Surrounding the Palace was a bunch of other small sights, but most importantly for me, the Jardin des Doms, which I heard was THE tallest point of Avignon and THE sight to see. Having never turned down an overhead view of a city, I couldn’t wait to see this one.
To get up to the Jardin, there are two different ways of tackling the climb. One is a ramp, easily reached near the entrance of the museum. Another one, in the back, is an endless climb of stairs. This is also where you’d find Cinema Utopia, for those who are looking for it.
It was breathtaking up there; the garden allowed a 360 view of the quaint city. A picnic up here would be really romantic (I said to myself). Despite being up there around 10:30 – 11:00 AM, there was a tinge of residual sunrise orange. I tried getting a picture with it, but color is a fickle celebrity. I lingered here for a while, allowing myself to feel the quiet satisfaction of traveling, of having survived the journey to another destination in the world. Whatever I felt in Avignon was doubled by my visit to Marseille, but that comes later.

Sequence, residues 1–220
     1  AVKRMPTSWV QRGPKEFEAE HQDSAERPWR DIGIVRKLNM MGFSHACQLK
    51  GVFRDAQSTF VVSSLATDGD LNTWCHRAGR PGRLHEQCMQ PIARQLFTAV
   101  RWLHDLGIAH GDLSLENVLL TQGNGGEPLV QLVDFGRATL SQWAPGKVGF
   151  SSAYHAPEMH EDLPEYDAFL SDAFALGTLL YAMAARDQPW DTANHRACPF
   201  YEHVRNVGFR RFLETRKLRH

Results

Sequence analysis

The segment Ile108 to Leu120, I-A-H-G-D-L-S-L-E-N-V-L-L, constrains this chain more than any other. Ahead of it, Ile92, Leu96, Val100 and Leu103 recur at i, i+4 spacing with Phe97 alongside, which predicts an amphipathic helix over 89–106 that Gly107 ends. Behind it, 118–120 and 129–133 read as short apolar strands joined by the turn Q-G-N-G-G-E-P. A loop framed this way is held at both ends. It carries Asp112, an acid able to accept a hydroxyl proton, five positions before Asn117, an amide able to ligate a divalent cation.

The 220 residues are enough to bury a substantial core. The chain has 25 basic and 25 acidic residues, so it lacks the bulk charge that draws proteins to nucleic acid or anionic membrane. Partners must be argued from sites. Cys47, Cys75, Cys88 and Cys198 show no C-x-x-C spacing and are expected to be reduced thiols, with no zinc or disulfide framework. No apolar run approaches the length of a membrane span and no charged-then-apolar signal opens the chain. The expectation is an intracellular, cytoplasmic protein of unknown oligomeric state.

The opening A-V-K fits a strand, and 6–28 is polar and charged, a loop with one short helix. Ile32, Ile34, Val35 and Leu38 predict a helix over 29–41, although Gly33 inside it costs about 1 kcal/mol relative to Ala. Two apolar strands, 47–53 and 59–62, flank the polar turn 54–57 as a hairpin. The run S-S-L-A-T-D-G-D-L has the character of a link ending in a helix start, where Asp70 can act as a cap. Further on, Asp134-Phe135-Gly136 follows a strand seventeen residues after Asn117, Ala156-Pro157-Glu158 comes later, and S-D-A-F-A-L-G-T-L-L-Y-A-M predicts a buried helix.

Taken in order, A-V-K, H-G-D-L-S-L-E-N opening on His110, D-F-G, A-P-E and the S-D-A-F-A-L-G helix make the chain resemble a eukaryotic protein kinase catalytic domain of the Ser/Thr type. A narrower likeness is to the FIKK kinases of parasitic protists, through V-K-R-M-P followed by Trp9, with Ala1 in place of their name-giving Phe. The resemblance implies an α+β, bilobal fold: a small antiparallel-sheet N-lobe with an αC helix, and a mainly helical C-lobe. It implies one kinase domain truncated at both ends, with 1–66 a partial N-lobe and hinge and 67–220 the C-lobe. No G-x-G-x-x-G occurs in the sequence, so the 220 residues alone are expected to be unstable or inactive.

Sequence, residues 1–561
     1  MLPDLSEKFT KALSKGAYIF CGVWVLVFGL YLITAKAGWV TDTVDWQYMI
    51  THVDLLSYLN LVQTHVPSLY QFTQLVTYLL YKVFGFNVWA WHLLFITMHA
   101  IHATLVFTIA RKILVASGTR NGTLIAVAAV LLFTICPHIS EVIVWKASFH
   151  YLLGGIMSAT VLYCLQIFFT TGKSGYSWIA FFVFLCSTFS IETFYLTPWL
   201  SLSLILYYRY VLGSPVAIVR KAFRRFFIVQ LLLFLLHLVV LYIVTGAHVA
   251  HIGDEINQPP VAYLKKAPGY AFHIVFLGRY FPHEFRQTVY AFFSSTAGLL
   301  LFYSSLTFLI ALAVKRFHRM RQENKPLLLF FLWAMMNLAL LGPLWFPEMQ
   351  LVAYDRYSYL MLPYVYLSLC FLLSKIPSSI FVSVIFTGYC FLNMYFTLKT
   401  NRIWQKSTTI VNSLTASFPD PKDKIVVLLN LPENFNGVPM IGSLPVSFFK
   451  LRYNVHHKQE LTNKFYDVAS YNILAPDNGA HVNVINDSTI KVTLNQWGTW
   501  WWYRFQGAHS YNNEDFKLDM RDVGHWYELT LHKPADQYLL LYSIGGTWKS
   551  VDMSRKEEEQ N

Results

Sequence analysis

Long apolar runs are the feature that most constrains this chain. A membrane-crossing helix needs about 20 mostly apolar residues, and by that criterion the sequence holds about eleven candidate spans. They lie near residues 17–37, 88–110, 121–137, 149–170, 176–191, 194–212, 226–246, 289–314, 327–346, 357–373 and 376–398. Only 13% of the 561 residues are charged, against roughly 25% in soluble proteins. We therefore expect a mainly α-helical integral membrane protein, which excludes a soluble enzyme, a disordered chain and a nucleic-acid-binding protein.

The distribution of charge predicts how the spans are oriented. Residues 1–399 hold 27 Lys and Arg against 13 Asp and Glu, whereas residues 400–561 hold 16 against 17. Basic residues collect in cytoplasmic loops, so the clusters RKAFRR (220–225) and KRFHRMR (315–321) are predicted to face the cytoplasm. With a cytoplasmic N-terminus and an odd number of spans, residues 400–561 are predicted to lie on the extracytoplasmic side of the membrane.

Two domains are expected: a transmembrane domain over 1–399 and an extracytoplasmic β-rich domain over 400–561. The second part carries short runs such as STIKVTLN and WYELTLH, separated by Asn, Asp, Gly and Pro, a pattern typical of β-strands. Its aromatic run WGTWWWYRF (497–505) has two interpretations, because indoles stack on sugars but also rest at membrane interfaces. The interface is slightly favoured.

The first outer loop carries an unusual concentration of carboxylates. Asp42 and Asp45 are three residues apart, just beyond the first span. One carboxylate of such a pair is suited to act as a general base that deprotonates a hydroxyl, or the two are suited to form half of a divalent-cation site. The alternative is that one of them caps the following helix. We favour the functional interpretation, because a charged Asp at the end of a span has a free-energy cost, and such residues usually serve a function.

I was hungry after the short jaunt up to the gardens and stopped to have lunch at another bakery further down the street from my hostel. Between the two boulangeries, I realized that Avignon was firstly a tourist town. The employees all switched quickly into English when they heard my accent, but I stuck with my feeble French guns.
I feasted in the main courtyard, a place perfect for fellow-tourist watching. There were a lot of American tourists, with whom I would’ve struck up some conversation had they not all been around 70 years old.
After getting lost, passing Les Halles, and finding myself on the opposite side of town about to exit the protective walls, yet again sweating panic beads because I realized I really have no sense of direction, I returned to the hostel feeling a little guilty. I mean, who chooses to spend time in a hostel rather than use all of their time exploring a new city? This girl.